Love your cubicle

Designing cubicles is an art and science. (Photo by a_kartha from http://www.sxc.hu)

By Anthony O. Alcantara

There’s got to be a formula for creating an ideal workplace. You can’t just put cubicles together and expect people to beg that they be allowed to live in them.

I found one promising formula recently while browsing an issue of the Harvard Business Review. It was from an article entitled “Who Moved My Cube?” by Anne-Laure Fayard and John Weeks. The title looked vaguely familiar. Then I remembered that there’s a book called “Who Moved My Cheese.” There must be something to these adaptations of titles. Maybe “Who Moved My Chair” is next.

Anyway, the authors of “Who Moved My Cube” found out that there are three “Ps” that should be present in an ideal workplace: proximity, privacy and permission.

Proximity means there should be shared spaces with shared resources such as coffee machines and photocopiers that allow informal chats. This can encourage innovation and exchange of ideas. I would like to add that people should also share other office tools that are much more intimate, such as ballpens, rulers and even chairs’ arm rests.

The conversations in these shared spaces can go something like this:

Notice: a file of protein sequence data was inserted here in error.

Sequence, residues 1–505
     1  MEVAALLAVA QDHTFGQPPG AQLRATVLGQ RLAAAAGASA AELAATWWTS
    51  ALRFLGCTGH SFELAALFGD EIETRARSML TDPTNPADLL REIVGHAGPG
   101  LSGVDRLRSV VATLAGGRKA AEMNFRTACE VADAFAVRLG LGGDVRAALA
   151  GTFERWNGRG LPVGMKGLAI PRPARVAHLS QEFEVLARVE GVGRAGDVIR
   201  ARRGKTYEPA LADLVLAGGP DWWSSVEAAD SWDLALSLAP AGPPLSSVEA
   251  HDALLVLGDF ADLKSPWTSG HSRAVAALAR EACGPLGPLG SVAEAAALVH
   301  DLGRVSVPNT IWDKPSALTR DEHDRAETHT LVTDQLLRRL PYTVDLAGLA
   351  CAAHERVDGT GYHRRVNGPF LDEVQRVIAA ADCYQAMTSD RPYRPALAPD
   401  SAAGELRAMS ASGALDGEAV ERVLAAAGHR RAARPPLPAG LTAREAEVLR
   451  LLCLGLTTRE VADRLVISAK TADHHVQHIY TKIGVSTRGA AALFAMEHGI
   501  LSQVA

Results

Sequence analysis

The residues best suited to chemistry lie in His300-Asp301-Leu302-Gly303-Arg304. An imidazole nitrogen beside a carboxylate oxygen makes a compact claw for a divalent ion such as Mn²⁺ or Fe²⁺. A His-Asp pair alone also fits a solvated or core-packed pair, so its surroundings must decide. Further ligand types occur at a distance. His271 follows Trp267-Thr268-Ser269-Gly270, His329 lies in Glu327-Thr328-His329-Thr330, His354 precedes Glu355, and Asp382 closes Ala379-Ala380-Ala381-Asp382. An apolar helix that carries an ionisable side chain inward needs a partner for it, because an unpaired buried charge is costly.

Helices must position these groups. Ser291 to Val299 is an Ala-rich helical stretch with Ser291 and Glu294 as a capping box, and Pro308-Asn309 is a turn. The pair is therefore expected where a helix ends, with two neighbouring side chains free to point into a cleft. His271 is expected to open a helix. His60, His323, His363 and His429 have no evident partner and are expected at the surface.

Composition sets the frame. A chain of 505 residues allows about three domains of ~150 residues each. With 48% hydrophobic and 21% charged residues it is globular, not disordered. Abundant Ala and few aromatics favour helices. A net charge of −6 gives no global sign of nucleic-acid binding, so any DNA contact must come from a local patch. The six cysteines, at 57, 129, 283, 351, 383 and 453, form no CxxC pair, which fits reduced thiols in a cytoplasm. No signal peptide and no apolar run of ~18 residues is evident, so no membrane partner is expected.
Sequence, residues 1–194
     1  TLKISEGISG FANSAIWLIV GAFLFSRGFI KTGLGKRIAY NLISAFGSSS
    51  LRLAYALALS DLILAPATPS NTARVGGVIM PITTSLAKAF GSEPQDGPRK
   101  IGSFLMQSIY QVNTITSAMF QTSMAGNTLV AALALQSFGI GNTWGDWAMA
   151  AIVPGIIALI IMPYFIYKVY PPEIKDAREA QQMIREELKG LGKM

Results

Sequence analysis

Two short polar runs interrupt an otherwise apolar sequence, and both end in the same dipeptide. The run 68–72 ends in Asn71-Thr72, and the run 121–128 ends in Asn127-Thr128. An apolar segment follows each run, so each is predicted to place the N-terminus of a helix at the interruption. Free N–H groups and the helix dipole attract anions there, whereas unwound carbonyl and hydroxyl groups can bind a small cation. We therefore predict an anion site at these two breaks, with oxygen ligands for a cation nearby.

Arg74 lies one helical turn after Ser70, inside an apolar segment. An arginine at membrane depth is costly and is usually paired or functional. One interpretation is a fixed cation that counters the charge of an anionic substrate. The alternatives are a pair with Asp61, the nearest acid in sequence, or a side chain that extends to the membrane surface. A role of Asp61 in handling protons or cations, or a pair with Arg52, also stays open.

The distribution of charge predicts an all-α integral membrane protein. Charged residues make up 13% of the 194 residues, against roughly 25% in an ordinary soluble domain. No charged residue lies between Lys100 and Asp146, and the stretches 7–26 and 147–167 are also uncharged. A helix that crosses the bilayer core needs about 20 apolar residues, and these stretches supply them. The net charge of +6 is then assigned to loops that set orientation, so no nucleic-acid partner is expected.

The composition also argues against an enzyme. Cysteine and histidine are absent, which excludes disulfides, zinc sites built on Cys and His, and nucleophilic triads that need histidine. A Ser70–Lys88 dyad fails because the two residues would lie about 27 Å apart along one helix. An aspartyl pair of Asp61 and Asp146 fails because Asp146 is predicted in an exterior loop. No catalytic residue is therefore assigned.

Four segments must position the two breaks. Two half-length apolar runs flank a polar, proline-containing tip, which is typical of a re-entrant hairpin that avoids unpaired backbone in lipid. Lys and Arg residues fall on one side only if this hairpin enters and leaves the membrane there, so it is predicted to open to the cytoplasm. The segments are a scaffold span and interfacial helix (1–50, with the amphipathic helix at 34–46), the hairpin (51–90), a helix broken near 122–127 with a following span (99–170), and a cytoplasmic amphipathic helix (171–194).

“Do you know that jerk at the engineering department?”

“Oh yeah, I’d love to wring his neck.”

“There’s an easy way to do that. Just feed his tie to the paper shredder.”

Yes, the paper shredder is indeed a very useful shared resource.

Privacy is pretty obvious. People must not be afraid of being interrupted or overheard. They must also be able to avoid interactions if they want to.

Here’s a sample scenario if this rule is violated:

“Have you heard that Dingba is having a relationship with Dibo the Gift Dragon?”

“Dibo the Gift Dragon? You mean that cartoon character who indiscriminately opens his zipper to surprise people? How did you know about that?”

“Dingba’s speakerphone is always on. Everyone knows except you.”

Permission means that the space itself as well as the company’s leaders and culture convey the message that casual conversation is encouraged.

Here’s a sample of open communication:

“Hi Mr. President. You said you have an open door policy, right?”

“Yes, that’s right.”

“Then why do you have an alarm that automatically goes off whenever I’m 10 meters away?”

“The alarm is especially designed to warn me when an idiot is nearby.”

And that is how most of us find solace in our cubicle.

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